The Irish Government's special envoy to the US, John Deasy, has revealed that a Bill could reach the House of Representatives as early as next week on new US visas for the Irish. 

The Irish government is believed to be close to a landmark visa deal with the US which could offer up the opportunity for thousands of Irish to live and work there. More Americans would be able to live in Ireland.

As reported by the Irish Times, Massachusetts Democratic Congressman Richard Neal and Wisconsin Republican Congressman Jim Sensenbrenner have introduced a bill to Congress which will propose the Irish receive the opportunity to apply for the E3 visa. 

In return, the Irish government will make it easier for US citizens to retire in Ireland; easing up the requirements needed, lowering the annual income levels currently required and allowing the right for US citizens to work up to 20 hours a week. 

Read more: Ireland rejecting American retirees under new rules

Congressman Richard Neal has introduced the bill. Image: Public Domain/US Congress.

Congressman Richard Neal has introduced the bill. Image: Public Domain/US Congress.

The E3 visa is currently only available to Australian citizens wishing to live and work in the US but of the 10,500 available to them each year, only about half are taken. The new legislation is believed to propose that the Irish are allowed to apply for the remainder. This could result in up to 5,000 E3 visas being made available annually to Irish citizens. 

A vote on the new legislation, being drafted by the US Department of Homeland Security, could take place in the House as early as next week when it returns after the midterm elections. It is said to have bipartisan support and could be dealt with using a "suspension of the rules," a process by which uncontentious issues are quickly processed by the House. 

If passed, the bill would still require unanimous consent in the Senate. 

Read more: New US visas for Irish as part of deal allowing Americans to live in Ireland?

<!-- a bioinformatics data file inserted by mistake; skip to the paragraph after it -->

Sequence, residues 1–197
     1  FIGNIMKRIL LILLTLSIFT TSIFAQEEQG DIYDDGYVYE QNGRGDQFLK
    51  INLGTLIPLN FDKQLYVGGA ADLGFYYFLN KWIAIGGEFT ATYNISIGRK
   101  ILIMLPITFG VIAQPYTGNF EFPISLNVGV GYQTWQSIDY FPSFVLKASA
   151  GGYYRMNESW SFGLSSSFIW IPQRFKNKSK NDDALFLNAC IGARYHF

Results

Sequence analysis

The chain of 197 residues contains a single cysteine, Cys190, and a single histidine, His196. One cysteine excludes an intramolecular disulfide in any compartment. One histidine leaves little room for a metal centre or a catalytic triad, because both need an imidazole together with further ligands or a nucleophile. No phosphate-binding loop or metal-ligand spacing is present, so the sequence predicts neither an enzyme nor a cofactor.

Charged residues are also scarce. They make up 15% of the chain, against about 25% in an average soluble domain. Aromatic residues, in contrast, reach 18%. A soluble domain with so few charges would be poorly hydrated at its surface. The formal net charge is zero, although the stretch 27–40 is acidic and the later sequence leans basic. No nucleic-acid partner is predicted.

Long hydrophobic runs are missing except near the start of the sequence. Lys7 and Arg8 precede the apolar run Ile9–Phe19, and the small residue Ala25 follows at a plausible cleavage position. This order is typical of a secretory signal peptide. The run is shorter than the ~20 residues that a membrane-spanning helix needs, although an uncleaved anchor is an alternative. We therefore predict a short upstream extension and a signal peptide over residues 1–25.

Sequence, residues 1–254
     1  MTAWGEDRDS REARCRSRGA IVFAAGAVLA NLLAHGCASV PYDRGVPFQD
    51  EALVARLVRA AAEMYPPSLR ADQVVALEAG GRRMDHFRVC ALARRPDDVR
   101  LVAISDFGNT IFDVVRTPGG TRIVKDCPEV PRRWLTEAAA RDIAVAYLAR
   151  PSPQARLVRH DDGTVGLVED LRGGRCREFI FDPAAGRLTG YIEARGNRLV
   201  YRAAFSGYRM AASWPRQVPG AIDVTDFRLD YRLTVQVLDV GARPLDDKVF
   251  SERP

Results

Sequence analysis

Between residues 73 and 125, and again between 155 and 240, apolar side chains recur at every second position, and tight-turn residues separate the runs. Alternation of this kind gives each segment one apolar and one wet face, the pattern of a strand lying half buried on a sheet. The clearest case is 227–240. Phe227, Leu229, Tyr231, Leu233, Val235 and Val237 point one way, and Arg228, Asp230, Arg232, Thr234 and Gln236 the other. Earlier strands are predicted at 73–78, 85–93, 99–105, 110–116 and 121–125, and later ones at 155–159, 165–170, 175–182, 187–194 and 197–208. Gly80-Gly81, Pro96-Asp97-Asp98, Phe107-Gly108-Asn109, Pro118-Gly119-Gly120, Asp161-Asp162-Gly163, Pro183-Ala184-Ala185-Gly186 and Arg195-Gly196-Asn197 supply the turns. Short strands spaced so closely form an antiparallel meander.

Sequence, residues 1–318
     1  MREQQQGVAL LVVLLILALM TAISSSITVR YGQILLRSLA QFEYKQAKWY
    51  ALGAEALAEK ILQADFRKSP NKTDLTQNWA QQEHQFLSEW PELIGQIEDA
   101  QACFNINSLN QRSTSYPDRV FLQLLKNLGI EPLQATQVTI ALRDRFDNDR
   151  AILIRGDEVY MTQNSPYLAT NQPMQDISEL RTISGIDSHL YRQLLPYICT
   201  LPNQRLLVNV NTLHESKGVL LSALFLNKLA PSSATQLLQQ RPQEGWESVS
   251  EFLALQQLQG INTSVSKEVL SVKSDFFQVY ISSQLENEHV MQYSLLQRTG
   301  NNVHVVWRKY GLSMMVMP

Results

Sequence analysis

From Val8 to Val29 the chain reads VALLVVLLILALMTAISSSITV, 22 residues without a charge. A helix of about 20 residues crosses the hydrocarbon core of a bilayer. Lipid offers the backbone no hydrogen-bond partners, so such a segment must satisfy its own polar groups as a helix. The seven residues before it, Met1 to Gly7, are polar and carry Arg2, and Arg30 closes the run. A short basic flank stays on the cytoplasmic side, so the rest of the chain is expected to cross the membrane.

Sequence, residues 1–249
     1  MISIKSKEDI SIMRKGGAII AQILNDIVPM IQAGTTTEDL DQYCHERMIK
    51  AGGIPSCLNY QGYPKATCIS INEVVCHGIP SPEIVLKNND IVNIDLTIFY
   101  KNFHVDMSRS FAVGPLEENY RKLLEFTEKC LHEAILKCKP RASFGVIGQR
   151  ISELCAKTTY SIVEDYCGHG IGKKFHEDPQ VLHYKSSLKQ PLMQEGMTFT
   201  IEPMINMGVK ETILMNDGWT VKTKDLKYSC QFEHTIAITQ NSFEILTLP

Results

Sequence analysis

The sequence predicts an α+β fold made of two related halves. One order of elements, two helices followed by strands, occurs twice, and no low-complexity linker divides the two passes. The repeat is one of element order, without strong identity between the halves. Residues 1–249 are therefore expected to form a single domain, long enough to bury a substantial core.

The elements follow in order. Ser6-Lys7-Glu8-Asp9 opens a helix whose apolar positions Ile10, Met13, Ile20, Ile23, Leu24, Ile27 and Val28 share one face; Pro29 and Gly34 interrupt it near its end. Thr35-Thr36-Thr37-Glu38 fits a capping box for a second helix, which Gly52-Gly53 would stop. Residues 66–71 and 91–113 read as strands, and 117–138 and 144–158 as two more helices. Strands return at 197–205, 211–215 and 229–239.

“The introduction of the Bill in Congress is the first step in this process. If successful, our attention will then focus on the US Senate,” Irish Government's special envoy to the US, John Deasy, told the Irish Times. 

In recent weeks, Deasy has traveled to the US to hold talks with the office of the Speaker of the House Paul Ryan and the Times reports that the Department of Foreign Affairs in Washington has been centrally involved. 

Paul Ryan's office was involved in the visa talks. Image: Heather Reed/Office of the Speaker of the House.

Paul Ryan's office was involved in the visa talks. Image: Heather Reed/Office of the Speaker of the House.

The requirements for US citizens to retire to Ireland changed back in 2015, making it more difficult for those without a massive income going into retirement. 

Following a review of immigration procedures in 2014, the Irish Naturalization and Immigration Service (INIS) announced in March 2015 that retirees from non-EEA countries who wish to move to Ireland must have an annual income of at least $55,138 (€50,000)—$110,276 (€100,000) annual income for couples—in order to acquire a visa. These retirees would also not have the right to work in the country. 

Read more: Top things to know about retiring to Ireland from America

Even if retirees meet these figures during their first year in Ireland, permission needs to be renewed every year, making it difficult to plan to stay long-term when rules could once again change before you reapply. 

This looks set to change as part of the new deal, however, with the annual incomes dropped and requirements lifted. 

Do you think the Bill should pass? Let us know in the comments section, below. 

Coming to America? A landmark bill could see a bilateral agreement on visas that would benefit both Irish and Americans.Getty